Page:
Review Metabolism
Energy Summary Glycolysis & Citric Cycle  Elmhurst College
Serum Enzymes Lipid Metabolism  Chemistry Department
Alcohol Metab. Effects   Protein Metabolism  Virtual ChemBook


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Alcohol Metabolism Effects

Introduction:

Alcohol is the favorite mood-altering drug in the United States and its effects, both pleasant and unpleasant, are well-known. What may not be well known is the fact that alcohol is a toxic drug that produces pathological changes (cirrhosis) in liver tissue and can cause death.

Alcohol is readily absorbed from the gastrointestinal tract; however, alcohol cannot be stored and therefore, the body must oxidize it to get rid of it. Alcohol can only be oxidized in the liver, where enzymes are found to initiate the process.

In addition, alcohol directly contributes to malnutrition since a pint of 86 proof alcohol (not an unusual daily intake for an alcoholic) represents about half of the daily energy requirement. However, ethanol does not have any minerals, vitamins, carbohydrates, fats or protein associated with it. Alcohol causes inflammation of the stomach, pancreas, and intestines which impairs the digestion of food and absorption into blood. Moreover, the acetaldehyde (the oxidation product) can interfere with the activation of vitamins.

The first step in the metabolism of alcohol is the oxidation of ethanol to acetaldehyde catalyzed by alcohol/dehydrogenase containing the coenzyme NAD+. The acetaldehyde is further oxidized to acetic acid and finally CO2 and water through the citric acid cycle. A number of metabolic effects from alcohol are directly linked to the production of an excess of both NADH and acetaldehyde.

CH3CH2OH + NAD+ ---> CH3CH=O + NADH + H+

The red box shows the above reaction.

(Adapted from C.S. Lieber, Sci. Am. 234(3), 25(1976)


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Metabolic Fates of NADH:

The metabolic pathways for the disposal of excess NADH and the consequent blocking of other normal metabolic pathways is shown in the graphic on the left.

1. Pyruvic Acid to Lactic Acid:

The conversion of pyruvic acid to lactic acid requires NADH:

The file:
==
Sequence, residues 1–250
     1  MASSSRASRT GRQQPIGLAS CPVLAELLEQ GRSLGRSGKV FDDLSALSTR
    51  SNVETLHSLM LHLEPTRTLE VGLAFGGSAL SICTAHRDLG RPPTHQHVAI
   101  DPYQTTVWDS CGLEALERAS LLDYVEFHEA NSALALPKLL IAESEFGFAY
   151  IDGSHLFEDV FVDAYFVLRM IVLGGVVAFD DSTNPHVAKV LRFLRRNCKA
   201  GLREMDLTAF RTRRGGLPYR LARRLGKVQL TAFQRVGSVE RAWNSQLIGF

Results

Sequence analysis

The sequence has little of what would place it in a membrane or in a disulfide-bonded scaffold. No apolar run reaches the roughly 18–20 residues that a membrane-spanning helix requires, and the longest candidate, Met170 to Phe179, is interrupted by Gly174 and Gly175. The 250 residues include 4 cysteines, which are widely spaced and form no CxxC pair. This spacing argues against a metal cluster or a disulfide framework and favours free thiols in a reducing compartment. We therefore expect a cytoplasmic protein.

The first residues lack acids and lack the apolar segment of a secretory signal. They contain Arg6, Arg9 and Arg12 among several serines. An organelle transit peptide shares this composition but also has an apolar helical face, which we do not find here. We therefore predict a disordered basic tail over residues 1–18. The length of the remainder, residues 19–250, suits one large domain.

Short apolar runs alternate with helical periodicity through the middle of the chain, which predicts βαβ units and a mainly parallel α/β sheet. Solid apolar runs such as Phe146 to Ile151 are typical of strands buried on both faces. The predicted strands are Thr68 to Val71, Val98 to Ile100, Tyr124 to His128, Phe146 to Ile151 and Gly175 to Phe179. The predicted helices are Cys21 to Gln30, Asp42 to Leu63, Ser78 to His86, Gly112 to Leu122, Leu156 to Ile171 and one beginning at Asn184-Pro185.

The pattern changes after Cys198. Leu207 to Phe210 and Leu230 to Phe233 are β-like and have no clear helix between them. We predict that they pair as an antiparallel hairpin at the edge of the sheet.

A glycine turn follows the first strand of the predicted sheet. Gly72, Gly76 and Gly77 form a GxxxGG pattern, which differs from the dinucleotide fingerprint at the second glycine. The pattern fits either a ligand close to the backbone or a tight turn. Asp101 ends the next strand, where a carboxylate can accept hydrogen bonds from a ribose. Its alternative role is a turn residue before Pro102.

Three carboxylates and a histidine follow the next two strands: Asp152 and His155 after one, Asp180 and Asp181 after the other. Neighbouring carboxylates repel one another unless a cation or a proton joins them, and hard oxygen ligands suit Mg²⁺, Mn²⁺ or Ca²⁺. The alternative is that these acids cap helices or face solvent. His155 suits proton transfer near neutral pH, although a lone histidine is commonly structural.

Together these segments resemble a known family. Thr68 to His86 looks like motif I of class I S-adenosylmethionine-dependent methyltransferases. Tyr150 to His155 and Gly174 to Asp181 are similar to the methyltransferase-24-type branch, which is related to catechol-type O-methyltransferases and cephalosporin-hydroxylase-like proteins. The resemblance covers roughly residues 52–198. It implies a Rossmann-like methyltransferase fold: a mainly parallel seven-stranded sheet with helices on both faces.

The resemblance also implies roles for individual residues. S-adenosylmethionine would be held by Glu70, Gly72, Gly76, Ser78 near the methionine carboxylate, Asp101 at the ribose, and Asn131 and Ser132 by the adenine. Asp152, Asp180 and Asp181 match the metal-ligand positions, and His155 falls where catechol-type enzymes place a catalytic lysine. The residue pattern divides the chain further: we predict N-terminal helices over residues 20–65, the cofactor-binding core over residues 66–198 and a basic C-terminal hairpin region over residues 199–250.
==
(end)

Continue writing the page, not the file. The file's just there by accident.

Pyruvic Acid + NADH + H+ ---> Lactic Acid + NAD+

This pyruvic acid normally made by transamination of amino acids, is intended for conversion into glucose by gluconeogenesis. This pathway is inhibited by low concentrations of pyruvic acid, since it has been converted to lactic acid. The final result may be acidosis from lactic acid build-up and hypoglycemia from lack of glucose synthesis.

2. Synthesis of Lipids:

Excess NADH may be used as a reducing agent in two pathways--one to synthesize glycerol (from a glycolysis intermediate) and the other to synthesis fatty acids. As a result, heavy drinkers may initially be overweight.

3. Electron Transport Chain:

The NADH may be used directly in the electron transport chain to synthesize ATP as a source of energy. This reaction has the direct effect of inhibiting the normal oxidation of fats in the fatty acid spiral and citric acid cycle. Fats may accumulate or acetyl CoA may accumulate with the resulting production of ketone bodies. Accumulation of fat in the liver can be alleviated by secreting lipids into the blood stream. The higher lipid levels in the blood may be responsible for heart attacks.

Alcoholism Effects:

A central role in the toxicity of alcohol may be played by acetaldehyde itself. Although the liver converts acetaldehyde into acetic acid, it reaches a saturation point where some of it escapes into the blood stream. The accumulated acetaldehyde exerts its toxic effects by inhibiting the mitochondria reactions and functions. The alcoholic is a victim of a vicious circle; a high acetaldehyde level impairs mitochondria function, metabolism of acetaldehyde to acetic acid decreases, more acetaldehyde accumulates, and causes further liver damage--hepatitis and cirrhosis.

Recent investigations have suggested that acetaldehyde may be responsible for the development of alcohol addiction. Acetaldehyde in the brain may inhibit enzymes designed to convert certain nerve transmitters from aldehydes to acids. The nerve transmitters that accumulate may then react with the acetaldehyde to form compounds which are startlingly similar to certain morphine-type compounds.